1176 Galanthus nivalisCommon Names: common snowdrop Family: Amaryllidaceae (amaryllis Family)
Common snowdrops is a pretty little end-of-winter perennial that grows from a bulb about a half inch (1.5 cm) across. In late winter the bulb sends up just two semi-erect strap shaped leaves about 3-6 in (7.5-15 cm) long and only a quarter inch (6 mm) wide. At the same time a slender flower stalk supporting a small nodding flower emerges from between the leaves. The honey scented flower is about an inch (2.5 cm) across and pear shaped, with three pure white outer petals and three similar but smaller inner sepals that have green V-shaped markings. Like the similar (but misnamed) summer snowflake (Leucojum aestivum), common snowdrops goes dormant in summer, losing its leaves and flowers, and leaving the gardener wondering where the bulb is. The snowflakes (Leucojum) differ from the snowdrops (Galanthus) in being larger, having several flowers per plant and having all six tepals equal in size.
Several selections of common snowdrop have been named including 'Flore Pleno' which is quite robust and has double flowers; 'Lady Elphinstone' which has double flowers and yellow, instead of green, markings on the inner tepals; and several with green markings on the outer as well as the inner tepals.
Galanthus nivalis is native to Europe extending from the Pyrenees to Russia. It grows commonly in moist meadows within open woodlands, often in mountain valleys.
CultureSnowdrops are very easy to grow and do best under cool, moist conditions in dappled shade. Light: Common snowdrops does best in partial or dappled shade in winter and spring. It doesn't matter where the sun is in summer when the plant is dormant and without leaves. Common snowdrop tolerates full sun in the coldest locations. Moisture: These pretty little members of the amaryllis family like a moist, but well drained soil. Give them a little more water during the late winter growing season and less during the dormant summer period, but the soil should never dry out excessively, even in summer. In their native range, snowdrops get lots of moisture during their late winter and early spring blooming period from melting snow. Hardiness: USDA Zones 3 - 7. Snowdrops like a cool climate and probably will not persist long in zone 7. Propagation: Snowdrop bulbs continuously produce offsets bulbs which may be separated and planted out to produce more plants. Dig bulbs immediately after flowering and replant 3-4 in (7-10 cm) deep right away while they are still moist. Don't let the bulbs dry out. Alternatively, you can dig bulbs (if you can find them) in late summer when they are dormant and naturally dry. Seeds, which probably will not come true, can be planted as soon as they are ripe. It will take about four years before their first flowering.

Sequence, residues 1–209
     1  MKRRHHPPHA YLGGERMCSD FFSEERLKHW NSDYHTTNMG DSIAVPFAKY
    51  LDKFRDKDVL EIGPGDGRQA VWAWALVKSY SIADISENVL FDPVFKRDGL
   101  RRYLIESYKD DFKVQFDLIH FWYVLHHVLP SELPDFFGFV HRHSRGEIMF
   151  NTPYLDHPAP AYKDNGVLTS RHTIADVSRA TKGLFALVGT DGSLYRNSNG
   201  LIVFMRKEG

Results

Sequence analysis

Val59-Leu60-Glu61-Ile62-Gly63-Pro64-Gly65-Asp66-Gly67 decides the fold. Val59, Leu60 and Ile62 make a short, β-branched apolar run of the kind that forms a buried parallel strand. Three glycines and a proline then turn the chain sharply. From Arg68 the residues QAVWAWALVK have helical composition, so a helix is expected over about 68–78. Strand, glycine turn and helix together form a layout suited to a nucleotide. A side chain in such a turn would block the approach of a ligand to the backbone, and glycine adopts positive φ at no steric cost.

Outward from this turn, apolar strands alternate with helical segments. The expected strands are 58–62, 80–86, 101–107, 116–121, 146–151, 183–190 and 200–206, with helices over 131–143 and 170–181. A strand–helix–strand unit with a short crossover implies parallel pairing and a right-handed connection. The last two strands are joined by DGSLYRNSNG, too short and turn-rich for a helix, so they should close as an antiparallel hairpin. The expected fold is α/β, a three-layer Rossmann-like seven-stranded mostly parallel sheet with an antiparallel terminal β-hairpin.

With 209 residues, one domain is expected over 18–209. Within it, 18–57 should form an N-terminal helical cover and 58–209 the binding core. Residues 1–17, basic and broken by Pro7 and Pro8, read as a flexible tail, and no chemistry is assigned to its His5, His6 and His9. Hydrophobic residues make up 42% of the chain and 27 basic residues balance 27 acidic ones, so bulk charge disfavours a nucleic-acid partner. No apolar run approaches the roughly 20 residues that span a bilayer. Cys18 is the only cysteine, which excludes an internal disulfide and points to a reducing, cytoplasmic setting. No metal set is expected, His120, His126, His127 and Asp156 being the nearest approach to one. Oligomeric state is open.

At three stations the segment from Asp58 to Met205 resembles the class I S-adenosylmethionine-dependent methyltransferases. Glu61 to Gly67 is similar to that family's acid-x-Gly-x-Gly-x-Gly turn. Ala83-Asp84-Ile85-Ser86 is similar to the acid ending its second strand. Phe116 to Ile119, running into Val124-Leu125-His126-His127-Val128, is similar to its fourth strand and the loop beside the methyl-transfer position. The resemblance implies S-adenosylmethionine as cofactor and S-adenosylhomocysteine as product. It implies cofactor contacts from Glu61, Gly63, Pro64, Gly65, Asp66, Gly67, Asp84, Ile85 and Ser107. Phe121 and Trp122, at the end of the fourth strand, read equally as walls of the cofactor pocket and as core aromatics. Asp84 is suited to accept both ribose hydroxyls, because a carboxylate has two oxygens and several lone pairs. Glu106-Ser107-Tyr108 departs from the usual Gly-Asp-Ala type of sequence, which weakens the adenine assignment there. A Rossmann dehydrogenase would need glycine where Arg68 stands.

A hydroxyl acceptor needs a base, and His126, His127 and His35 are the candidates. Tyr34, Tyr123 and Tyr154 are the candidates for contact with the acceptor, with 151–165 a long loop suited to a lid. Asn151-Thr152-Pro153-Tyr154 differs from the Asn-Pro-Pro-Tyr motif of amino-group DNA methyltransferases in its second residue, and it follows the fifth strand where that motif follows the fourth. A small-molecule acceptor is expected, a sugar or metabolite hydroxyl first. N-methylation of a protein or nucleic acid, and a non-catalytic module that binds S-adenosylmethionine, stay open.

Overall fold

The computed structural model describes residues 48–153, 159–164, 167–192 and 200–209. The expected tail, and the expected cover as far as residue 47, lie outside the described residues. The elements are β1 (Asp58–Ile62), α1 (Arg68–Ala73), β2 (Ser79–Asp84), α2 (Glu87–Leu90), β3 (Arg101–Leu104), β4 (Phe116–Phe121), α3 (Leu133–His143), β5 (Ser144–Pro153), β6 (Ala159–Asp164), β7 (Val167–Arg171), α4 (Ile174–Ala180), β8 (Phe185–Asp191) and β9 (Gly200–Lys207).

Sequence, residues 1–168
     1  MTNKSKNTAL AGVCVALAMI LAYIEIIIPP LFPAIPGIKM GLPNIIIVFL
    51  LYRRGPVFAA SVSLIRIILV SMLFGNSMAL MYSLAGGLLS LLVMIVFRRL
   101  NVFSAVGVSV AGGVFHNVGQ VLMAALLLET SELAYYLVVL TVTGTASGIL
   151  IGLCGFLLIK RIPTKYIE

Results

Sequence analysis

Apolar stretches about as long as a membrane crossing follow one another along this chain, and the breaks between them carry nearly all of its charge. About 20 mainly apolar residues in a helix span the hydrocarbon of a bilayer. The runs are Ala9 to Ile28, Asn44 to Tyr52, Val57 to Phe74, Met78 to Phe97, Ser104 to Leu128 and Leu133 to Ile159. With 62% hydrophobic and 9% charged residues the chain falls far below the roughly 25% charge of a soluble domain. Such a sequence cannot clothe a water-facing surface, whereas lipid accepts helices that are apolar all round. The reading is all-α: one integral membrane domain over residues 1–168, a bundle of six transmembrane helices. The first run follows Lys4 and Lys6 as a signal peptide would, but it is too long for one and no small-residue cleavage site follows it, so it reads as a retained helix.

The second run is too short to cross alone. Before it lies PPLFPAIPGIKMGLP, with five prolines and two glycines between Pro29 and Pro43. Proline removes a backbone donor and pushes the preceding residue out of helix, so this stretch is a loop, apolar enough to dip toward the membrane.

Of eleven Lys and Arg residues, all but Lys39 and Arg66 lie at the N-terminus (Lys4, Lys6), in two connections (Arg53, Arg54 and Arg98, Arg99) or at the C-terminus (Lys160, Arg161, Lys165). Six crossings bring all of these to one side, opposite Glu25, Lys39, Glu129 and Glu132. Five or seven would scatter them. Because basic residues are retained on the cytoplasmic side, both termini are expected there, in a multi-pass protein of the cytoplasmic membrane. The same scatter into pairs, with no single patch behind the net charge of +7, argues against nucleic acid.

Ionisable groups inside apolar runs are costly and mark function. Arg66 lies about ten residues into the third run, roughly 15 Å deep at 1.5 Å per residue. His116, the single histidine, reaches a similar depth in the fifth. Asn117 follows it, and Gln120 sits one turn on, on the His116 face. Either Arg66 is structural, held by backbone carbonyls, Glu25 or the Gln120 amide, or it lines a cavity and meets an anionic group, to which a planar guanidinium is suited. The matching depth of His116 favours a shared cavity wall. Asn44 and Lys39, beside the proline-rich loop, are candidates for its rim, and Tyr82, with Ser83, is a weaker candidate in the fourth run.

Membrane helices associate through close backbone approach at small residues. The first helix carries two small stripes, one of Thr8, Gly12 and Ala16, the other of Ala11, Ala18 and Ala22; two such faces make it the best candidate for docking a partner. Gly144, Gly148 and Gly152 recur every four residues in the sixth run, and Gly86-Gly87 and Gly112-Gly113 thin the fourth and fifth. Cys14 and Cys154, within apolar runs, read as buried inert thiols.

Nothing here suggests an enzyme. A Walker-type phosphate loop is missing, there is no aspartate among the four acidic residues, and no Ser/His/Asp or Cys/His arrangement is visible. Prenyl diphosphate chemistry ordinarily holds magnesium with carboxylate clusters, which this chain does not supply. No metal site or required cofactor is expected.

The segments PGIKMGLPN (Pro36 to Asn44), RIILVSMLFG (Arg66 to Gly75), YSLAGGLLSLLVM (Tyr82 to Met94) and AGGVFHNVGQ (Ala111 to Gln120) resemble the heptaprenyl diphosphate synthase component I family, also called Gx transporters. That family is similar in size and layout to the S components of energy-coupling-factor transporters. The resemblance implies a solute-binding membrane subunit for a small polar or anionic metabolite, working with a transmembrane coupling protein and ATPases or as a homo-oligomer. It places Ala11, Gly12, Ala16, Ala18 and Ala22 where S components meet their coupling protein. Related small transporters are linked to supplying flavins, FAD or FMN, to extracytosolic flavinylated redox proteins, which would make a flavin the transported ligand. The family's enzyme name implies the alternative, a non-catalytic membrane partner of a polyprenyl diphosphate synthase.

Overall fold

Snowdrops are excellent for naturalizing in grassy or woodland settings. Among the easiest of bulbous perennials to grow, snowdrops require very little care and under ideal conditions will quickly expand their coverage. Snowdrops are small and look best in drifts and masses. They also are a good addition to a rock garden. Some people use snowdrops to form borders or edges, but we think they look best in drifts across the lawn. Since they are actively photosynthesizing in late winter and early spring, but dormant in summer, snowdrops are particularly well suited to growing under and around deciduous trees and shrubs.
Snowdrops are best in cool climates. For a similar flower in the South, choose the related summer snowflake (Leucojum aestivum), which (despite its name) also blooms in late winter with dainty nodding white flowers.
There are about 14 species in the genus Galanthus, all native to Europe or Asia. Several species are cultivated in Europe; fewer in North America. Snowdrops often emerge before all the snow has disappeared, sometimes actually piercing through the snow. They must surely gladden the hearts of the winter-weary.
Some people can get a skin irritation from contact with the bulbs and all parts of Galanthus are mildly toxic if ingested.
Steve Christman 3/10/13